For thousands of years, southwestern Indiana was home to successive cultures of Native Americans, who settled near the rivers and used them for travel and trade.
Beginning after 1000 CE, people of the widespread Mississippian culture built a town at this site, covering 100 acres (0.40 km2) and situated on a large, terraced mound near the river. Today, Angel Mounds State Historic Site is nationally recognized as one of the best-preserved prehistoric Native American sites in the United States. It was given National Historic Landmark status as part of this recognition. This site is the most northeastern of the Mississippian culture, which had sites throughout the river valleys of the Mississippi and its tributaries, such as the Ohio River, and ranging into North Carolina and as far south as Mississippi. Continuing excavations at the site reveal new elements of the complex society.
From 1100 CE to 1450 CE, people of the Middle Mississippian culture built and lived in a town on this site. They were known for building characteristic earthwork mounds, with shapes including platform, conical and ridgetop (as seen at Cahokia.) Angel Mounds was a chiefdom (the base of the chief) and the regional center of a large residential and agricultural community that extended for several miles around. They built a major earthwork, working with a variety of soils to create a stable mass. The platform mound held their central community. They traded with other chiefdoms and peoples along the Ohio and Mississippi rivers. This settlement was the largest-known town of its time in Indiana. Scholars believe the town may have contained as many as 1,000 inhabitants at its peak.
Archeologists have used the distinctive pottery produced here and in other satellite communities in this section of the Ohio River valley to define the Angel phase. Archaeologists infer that the smaller communities were politically subordinate to the main site.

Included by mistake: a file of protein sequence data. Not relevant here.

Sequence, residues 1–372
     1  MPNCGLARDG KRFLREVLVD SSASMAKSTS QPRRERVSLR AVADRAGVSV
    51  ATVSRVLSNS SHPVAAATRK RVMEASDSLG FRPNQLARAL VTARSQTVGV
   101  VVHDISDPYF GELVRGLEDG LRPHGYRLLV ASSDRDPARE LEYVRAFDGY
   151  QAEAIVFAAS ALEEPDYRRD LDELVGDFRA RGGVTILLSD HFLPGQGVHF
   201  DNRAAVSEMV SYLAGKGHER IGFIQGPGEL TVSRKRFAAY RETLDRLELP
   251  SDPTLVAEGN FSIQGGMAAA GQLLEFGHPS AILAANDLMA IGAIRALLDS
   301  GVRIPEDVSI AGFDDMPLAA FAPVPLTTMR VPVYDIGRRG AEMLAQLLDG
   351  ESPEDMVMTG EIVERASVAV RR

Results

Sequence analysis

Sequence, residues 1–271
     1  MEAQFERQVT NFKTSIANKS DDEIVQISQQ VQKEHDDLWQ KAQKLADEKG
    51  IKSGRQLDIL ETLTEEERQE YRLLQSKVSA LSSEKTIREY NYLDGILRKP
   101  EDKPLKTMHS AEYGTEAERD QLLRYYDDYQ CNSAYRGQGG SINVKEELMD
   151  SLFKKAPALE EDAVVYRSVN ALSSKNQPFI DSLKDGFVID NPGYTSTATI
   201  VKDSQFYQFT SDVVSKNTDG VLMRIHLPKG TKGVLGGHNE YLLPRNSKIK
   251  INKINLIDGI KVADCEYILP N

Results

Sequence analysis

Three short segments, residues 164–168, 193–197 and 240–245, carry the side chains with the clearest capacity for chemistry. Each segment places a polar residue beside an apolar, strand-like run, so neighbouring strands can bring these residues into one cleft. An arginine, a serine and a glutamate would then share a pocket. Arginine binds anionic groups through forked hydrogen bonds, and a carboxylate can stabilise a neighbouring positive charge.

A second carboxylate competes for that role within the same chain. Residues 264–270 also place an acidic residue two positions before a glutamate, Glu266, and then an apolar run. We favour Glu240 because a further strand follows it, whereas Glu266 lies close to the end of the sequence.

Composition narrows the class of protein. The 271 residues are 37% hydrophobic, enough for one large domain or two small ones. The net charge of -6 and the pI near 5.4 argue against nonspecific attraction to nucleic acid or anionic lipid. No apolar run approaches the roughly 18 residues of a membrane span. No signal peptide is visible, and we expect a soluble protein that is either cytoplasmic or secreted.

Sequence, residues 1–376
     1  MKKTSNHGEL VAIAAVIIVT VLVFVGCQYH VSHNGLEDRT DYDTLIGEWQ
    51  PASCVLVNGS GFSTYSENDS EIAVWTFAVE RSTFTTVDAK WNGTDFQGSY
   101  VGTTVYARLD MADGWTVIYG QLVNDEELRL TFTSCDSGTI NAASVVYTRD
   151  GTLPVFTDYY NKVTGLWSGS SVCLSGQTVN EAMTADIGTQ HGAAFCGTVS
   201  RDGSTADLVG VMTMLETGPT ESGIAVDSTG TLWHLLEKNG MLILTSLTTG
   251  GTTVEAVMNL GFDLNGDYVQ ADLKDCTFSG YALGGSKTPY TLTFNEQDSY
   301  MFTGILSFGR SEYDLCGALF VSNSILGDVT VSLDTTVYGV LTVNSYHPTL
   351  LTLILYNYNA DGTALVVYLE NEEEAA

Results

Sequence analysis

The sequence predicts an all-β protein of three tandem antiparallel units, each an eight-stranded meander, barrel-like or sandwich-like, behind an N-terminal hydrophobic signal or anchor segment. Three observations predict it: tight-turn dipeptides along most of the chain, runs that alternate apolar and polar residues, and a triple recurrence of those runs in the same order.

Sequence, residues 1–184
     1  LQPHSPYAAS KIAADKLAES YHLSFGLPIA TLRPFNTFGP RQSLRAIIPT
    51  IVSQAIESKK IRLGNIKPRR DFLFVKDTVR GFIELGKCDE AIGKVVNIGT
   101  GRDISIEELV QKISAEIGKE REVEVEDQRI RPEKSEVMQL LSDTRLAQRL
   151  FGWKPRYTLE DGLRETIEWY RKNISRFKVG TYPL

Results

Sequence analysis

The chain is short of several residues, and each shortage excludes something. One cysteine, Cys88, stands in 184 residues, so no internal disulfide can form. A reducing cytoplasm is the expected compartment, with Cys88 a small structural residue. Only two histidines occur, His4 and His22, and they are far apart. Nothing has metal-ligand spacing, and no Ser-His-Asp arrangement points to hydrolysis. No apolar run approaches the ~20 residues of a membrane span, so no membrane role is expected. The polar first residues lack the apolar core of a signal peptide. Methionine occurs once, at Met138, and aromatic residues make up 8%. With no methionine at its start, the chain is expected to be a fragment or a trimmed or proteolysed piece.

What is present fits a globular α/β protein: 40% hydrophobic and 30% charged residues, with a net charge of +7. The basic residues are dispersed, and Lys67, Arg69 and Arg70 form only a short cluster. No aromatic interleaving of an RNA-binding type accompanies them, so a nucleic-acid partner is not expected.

The people engaged in hunting and farming on the rich bottom lands of the Ohio River. In addition to the mounds they built for ceremonial and cosmological purposes, they constructed a defensive 12-foot (3.7 m)-high stockade made of wattle and daub, and punctuated with bastions.
The Mississippian people abandoned the site long before European contact. No one knows why the civilization declined, but scholars have speculated that an extended regional drought reduced the maize surpluses that had enabled the concentration of population. In addition, the people may have overhunted, as well as reducing forests by their consumption of wood for the stockade, houses and fires. Archaeologists theorize that with the collapse of the chiefdom by 1450, many of the Angel people had relocated downriver to the confluence of the Ohio and Wabash rivers. A new Late Mississippian cultural group subsequently emerged and have been named by archeologists as the Caborn-Welborn culture.